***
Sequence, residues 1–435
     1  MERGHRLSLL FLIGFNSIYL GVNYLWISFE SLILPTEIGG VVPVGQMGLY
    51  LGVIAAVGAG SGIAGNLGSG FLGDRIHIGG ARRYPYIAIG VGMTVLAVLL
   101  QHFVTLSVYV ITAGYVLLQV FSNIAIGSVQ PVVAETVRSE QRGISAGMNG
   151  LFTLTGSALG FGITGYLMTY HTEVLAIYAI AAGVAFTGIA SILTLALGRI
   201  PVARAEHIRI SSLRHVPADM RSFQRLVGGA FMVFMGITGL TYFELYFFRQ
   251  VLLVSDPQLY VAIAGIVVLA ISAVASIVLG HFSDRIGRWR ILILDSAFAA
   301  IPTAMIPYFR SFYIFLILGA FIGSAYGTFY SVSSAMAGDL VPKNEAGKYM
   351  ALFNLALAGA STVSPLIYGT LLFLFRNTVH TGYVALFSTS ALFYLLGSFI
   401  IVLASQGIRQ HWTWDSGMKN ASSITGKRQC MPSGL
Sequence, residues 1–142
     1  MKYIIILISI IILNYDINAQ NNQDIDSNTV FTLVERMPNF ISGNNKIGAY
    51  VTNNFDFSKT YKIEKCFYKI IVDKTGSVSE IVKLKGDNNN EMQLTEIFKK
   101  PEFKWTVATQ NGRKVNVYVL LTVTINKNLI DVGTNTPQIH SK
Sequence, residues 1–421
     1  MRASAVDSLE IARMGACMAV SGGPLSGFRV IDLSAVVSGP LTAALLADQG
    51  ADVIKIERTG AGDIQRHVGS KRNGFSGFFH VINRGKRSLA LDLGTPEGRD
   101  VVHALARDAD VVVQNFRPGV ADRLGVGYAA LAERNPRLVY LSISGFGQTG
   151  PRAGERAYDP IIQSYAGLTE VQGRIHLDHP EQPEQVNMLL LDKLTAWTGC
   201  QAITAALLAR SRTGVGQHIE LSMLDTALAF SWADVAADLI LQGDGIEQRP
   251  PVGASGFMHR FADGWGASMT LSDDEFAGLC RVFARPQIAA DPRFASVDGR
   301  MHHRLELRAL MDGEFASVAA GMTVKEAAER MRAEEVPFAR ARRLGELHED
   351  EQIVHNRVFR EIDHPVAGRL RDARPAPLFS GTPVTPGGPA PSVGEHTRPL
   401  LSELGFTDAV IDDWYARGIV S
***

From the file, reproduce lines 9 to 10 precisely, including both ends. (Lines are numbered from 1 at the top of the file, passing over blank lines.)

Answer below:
   351  ALFNLALAGA STVSPLIYGT LLFLFRNTVH TGYVALFSTS ALFYLLGSFI
   401  IVLASQGIRQ HWTWDSGMKN ASSITGKRQC MPSGL